SYDNEY, AAP – The Australian share market has suffered its worst session in two months, with brutal losses for the major miners and oil producers as China’s strict COVID policies weighed on commodity prices.

The benchmark S&P/ASX200 index closed down 155.3 points or 2.1 per to 7,318 cent on Tuesday, while the broader All Ordinaries fell by 164.2 points, or 2.1 per cent, to 7,604.

It was the worst day for the local bourse since February 24, the day Russia invaded Ukraine, and follows a rout of global markets on Friday, when the major Wall Street indexes fell by nearly three per cent.

“Obviously the (global) markets have been in turmoil while we’ve been on holiday, and we’re playing catchup,” said Julia Lee, chief investment officer with Burman Invest.

Ms Lee pinned the losses on concerns that China’s zero-COVID strategy would disrupt demand for commodities. There’s been panic buying in Beijing, which is mass testing its 21 million residents, amid fears the city would be plunged into a full lockdown.


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Tuesday’s drop put the ASX200 in negative territory for the year once again, after the index spent much of February and March climbing out of January’s sharp decline. It’s now down 1.7 per cent for the year.

The heavyweight materials sector was the worst hit, falling 5.1 per cent as the price of iron ore dropped to its lowest level since late February.

Fortescue Metals fell by 6.9 per cent to $19.76, BHP retreated 5.8 per cent to $45.66, Rio Tinto dipped 4.3 per cent to $108.76 and South32 dropped 7.9 per cent to $4.46.

Mining services contractor Mineral Resources fell 9.9 per cent and BlueScope Steel dropped 8.7 per cent.

Goldminers were no safe haven, with Northern Star down 4.9 per cent and Newcrest falling 2.9 per cent.

The energy sector was down 4.0 per cent after oil prices fell overnight, with Santos down 4.3 per cent and Woodside Petroleum retreating 4.6 per cent after announcing production was down slightly in the March quarter.

EML Payments plunged 38.6 per cent to a two-year low of $1.665 after slashing full-year earnings guidance by 8 per cent, with the Brisbane card payments company saying it was experiencing “operational execution issues in Europe” that it expects to continue through midyear.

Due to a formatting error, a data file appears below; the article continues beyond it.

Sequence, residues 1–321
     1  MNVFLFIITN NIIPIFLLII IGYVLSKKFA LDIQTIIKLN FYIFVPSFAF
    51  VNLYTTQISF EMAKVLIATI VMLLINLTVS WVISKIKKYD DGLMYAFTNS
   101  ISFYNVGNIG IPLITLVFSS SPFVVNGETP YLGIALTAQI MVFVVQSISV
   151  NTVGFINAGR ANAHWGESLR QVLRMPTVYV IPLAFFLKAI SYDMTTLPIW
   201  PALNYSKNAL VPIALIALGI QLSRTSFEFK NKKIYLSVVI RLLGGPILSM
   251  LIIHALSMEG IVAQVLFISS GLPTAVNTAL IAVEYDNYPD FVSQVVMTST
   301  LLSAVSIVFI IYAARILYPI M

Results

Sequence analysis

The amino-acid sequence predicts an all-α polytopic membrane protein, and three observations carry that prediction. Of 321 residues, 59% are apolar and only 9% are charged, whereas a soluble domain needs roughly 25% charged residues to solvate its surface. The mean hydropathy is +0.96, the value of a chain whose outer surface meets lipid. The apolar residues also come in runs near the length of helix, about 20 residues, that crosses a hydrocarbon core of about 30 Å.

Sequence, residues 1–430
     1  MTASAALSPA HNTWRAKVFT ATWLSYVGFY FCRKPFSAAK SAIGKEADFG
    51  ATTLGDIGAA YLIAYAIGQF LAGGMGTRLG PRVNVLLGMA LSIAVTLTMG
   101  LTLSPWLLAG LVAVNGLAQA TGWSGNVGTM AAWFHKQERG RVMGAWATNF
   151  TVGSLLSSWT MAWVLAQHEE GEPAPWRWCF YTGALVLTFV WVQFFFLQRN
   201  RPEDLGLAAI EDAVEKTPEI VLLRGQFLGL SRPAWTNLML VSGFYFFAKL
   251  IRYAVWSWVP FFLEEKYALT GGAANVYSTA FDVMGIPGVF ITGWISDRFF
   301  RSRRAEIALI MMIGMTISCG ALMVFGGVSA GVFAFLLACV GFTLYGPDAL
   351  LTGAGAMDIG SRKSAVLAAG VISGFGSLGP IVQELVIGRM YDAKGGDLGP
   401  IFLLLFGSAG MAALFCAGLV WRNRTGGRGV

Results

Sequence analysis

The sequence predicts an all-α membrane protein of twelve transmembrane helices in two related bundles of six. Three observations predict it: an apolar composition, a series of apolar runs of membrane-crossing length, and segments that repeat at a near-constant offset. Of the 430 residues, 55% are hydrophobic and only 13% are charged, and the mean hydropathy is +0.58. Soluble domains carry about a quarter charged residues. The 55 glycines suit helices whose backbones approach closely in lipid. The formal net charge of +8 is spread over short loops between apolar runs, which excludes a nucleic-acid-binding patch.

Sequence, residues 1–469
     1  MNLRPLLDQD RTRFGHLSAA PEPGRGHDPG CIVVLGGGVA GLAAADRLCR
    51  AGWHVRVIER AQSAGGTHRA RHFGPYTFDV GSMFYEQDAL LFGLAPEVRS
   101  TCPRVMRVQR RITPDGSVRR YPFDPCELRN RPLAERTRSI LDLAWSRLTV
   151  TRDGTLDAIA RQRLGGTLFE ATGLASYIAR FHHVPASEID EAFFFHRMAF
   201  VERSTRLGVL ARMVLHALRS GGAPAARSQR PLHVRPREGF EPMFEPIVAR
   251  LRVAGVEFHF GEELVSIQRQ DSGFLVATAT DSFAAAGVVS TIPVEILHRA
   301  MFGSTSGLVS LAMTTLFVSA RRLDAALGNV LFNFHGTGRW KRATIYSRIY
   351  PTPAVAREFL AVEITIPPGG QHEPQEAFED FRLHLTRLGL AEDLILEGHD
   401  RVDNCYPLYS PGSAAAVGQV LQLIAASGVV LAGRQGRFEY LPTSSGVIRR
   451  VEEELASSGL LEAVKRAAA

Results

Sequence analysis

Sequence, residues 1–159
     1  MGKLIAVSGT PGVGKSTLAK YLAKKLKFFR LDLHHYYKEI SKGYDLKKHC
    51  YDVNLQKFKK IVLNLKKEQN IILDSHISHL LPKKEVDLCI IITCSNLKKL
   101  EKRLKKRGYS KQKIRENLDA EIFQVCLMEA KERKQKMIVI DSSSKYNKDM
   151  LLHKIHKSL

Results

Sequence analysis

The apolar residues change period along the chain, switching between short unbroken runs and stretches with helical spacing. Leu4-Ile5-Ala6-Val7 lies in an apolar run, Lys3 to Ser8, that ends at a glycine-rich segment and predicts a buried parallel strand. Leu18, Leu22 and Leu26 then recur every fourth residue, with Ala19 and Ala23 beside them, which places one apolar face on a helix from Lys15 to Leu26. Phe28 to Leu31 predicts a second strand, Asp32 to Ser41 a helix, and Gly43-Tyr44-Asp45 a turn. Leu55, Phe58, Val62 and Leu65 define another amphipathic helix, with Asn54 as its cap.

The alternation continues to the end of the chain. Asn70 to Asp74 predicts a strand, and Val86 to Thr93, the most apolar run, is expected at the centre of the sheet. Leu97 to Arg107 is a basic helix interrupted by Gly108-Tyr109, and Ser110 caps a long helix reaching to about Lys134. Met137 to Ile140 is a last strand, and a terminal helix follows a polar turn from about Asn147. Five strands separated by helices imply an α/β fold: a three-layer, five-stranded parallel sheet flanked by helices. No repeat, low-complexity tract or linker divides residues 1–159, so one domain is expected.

Pushpay soared 22.9 per cent to $1.18 after the Auckland-based donation processor for churches said it had received unsolicited expressions of interest from third parties interested in buying the company.

Beach Energy fell 3.9 per cent after the oil producer announced that heavy rain had delayed work at its wells in South Australia’s Cooper Basin, contributing to a drop in oil production for the March quarter.

Meanwhile a lack of rain was hurting earnings for United Malt Group, which said it would incur $20 million to $25 million in costs from last year’s severe drought in Canada.

The world’s fourth-biggest commercial maltster had been forced to import barley from Australia and Denmark to its processing plants in North America. UMG shares finished down

The big four banks were all down, with NAB dropping 1.2 per cent to $32.74, Westpac falling 1.3 per cent to $23.90, ANZ dipping 0.6 per cent to $27.62 and Commonwealth falling 0.6 per cent to $104.75.

Looking forward, Ms Lee noted that Australian inflation figures for the March quarter would be released on Wednesday, while US tech giants Microsoft and Alphabet will release quarterly earnings figures.

The Reserve Bank of Australia is also expected to increase the cash rate next week.

“All up, it looks like a pretty big end to the month,” Ms Lee said.

The Australian dollar was buying 71.94 US cents at 1726 AEST, down from 73.14 US cents at Friday’s close, and overnight hit a two-month low of 71.34 US cents.


* The benchmark S&P/ASX200 index finished 155.3 points, or 2.08 per cent, lower to close at 7,318 on Tuesday.

* The All Ordinaries index fell 164.2 points, or 2.11 per cent, to close at 7,604.


One Australian dollar buys:

* 71.94 US cents, from 73.14 US cents when the ASX closed on Friday

* 92.04 Japanese yen, from 93.59 yen

* 67.21 Euro cents, from 67.55 cents

* 56.49 British pence, from 56.42 pence

* 108.56 NZ cents, from 109.44 NZ cents.